Science & Environment

Maths helps prepare for new diseases

Affected olive tree (Image courtesy of EPPO/D. Boscia, Istituto di Virologia Vegetale del CNR, Bari/F. Nigro, Università degli Studi di Bari/A. Guario, Plant Protection Service, Regione Puglia) Image copyright EPPO
Image caption An invasive pathogen has affected thousands of hectares of olive plantations in Puglia, southern Italy

Researchers have developed a way to help determine the level of surveillance required to detect the arrival of costly invasive diseases.

The mathematical model offered "an initial idea" of what a particular level of surveillance could achieve.

The work comes at a time when the number of invasive pathogens, including those affecting crops, is on the rise as a result of global trade and travel.

The findings appear in the Proceedings of the Royal Society B.

"Surveillance efforts have been getting increasing attention because early detection is crucial in order to control these epidemics," explained co-author Stephen Parnell from the University of Salford, UK.

"If you want to have a chance of controlling them or getting rid of them then you really have to catch them at a very early stage."

One example of an invasive pathogen threatening an important food crop is the arrival of a virulent bacterium in southern Italy.

A report by the European Food Safety Authority (EFSA) in January observed that the pathogen, Xylella fastidiosa, was responsible for a "rapid decline" in affected olive plantations.

"Major consequences", such as reduced yields and costly control measures, would be the outcome if it spread to other olive-producing regions in the EU, it added.

In July, France reported an outbreak on the Mediterranean island of Corisca. The European Commission described the pathogen as one of the biggest threats to plants around the globe.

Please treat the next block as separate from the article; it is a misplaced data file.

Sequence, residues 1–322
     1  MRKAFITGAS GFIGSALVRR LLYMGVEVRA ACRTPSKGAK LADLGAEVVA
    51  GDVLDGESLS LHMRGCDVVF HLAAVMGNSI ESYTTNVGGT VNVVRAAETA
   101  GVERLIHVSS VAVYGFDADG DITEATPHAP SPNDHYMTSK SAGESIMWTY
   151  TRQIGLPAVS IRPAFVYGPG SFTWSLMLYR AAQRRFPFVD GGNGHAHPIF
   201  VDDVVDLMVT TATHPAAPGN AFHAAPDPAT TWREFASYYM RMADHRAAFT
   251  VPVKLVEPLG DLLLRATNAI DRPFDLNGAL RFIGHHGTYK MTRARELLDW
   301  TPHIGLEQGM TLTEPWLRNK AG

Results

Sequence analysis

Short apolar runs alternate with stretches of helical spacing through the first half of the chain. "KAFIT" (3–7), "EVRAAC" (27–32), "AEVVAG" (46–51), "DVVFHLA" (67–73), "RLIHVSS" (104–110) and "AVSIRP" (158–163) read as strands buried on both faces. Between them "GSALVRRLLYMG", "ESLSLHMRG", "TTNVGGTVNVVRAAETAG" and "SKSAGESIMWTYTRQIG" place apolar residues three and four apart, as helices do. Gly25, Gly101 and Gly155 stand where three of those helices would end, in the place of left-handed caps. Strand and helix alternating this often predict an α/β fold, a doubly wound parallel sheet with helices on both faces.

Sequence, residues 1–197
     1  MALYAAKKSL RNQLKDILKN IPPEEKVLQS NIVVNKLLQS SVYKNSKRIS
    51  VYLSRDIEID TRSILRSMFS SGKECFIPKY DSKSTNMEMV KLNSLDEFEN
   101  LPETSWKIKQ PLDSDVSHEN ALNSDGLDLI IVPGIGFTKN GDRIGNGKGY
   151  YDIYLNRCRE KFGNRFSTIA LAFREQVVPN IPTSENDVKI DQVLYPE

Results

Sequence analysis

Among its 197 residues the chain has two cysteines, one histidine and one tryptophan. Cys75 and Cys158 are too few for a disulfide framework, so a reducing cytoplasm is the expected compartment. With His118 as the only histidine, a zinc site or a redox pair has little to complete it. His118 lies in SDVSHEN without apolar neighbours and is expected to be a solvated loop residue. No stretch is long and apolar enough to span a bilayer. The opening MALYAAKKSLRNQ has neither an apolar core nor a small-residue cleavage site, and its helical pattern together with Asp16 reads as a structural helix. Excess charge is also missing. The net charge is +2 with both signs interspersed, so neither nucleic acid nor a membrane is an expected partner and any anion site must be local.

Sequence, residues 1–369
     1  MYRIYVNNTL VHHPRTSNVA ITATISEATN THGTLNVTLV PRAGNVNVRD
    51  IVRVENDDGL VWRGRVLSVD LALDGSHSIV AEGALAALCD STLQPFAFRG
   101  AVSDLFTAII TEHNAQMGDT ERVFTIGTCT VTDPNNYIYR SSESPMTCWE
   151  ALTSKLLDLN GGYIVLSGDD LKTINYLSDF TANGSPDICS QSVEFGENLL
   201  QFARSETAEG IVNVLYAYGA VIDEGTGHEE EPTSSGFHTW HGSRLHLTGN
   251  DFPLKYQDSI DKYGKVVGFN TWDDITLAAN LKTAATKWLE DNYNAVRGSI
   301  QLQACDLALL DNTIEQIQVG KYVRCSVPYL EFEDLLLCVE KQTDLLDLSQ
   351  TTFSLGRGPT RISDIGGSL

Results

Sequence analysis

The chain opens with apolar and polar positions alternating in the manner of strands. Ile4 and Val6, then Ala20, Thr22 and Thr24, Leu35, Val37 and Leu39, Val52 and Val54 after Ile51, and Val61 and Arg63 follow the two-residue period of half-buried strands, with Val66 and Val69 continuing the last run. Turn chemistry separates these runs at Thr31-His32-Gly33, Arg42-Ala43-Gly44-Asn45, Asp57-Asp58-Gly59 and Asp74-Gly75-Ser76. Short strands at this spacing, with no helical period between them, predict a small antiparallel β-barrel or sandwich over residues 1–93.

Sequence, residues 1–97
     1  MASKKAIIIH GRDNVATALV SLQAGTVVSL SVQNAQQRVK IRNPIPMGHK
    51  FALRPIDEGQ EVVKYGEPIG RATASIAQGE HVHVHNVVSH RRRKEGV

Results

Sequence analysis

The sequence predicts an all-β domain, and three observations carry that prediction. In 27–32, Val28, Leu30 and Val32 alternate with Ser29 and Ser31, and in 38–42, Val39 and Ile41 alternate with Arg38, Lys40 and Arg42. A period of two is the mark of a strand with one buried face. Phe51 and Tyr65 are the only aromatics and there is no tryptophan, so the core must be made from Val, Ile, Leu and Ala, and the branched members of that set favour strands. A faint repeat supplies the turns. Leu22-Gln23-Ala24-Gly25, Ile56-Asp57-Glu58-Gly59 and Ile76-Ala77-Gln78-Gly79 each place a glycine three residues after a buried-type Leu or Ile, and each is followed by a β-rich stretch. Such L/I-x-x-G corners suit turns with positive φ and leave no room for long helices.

Detection probability

Dr Parnell told BBC News: "Surveillance is a very expensive process so if you are doing surveillance following an invasive epidemic then you want to know what the probability is of detecting the epidemic at a low prevalence.

Image caption Olive production forms an important part of many European regions' economies

"This was an epidemic modelling approach where we could - given the amount of surveillance that was being done, and information about how quickly an epidemic spreads once it invades - we were able to tell you at what incidence you would be likely to detect it.

"If you have that information then the idea is that you could adjust your surveillance effort if you need to detect it at an earlier stage."

He added that there was currently very little information about how well detection efforts were likely to perform in terms of finding invasive pathogens.

"This model is giving just a little more evidence to support and help inform how much surveillance needs to be done for certain disease threats," Dr Parnell said.

"The benefit of this approach is that it is very simple. The only information you need about the epidemic is an estimate of what we call 'epidemic growth rate', that is once the epidemic invades, how quickly does it increase over time?"

Fire fighting

Although maintaining an ongoing monitoring network was costly, the consequences of killer diseases becoming established in an area could have a landscape-changing impact.

"An analogy I often use is of a fire," explained Dr Parnell.

"If there was a fire in a house, you would want to catch it as soon as it lit the tip of a curtain rather than when it has lit up an entire room.

"It is a similar situation with an epidemic, you have to catch it at a very early stage because a lot of the control methods we use, for example with tree health problems, are felling of large stands of forest.

"The area you would need to fell can quickly escalate so it is really, really important to catch it at an early stage."

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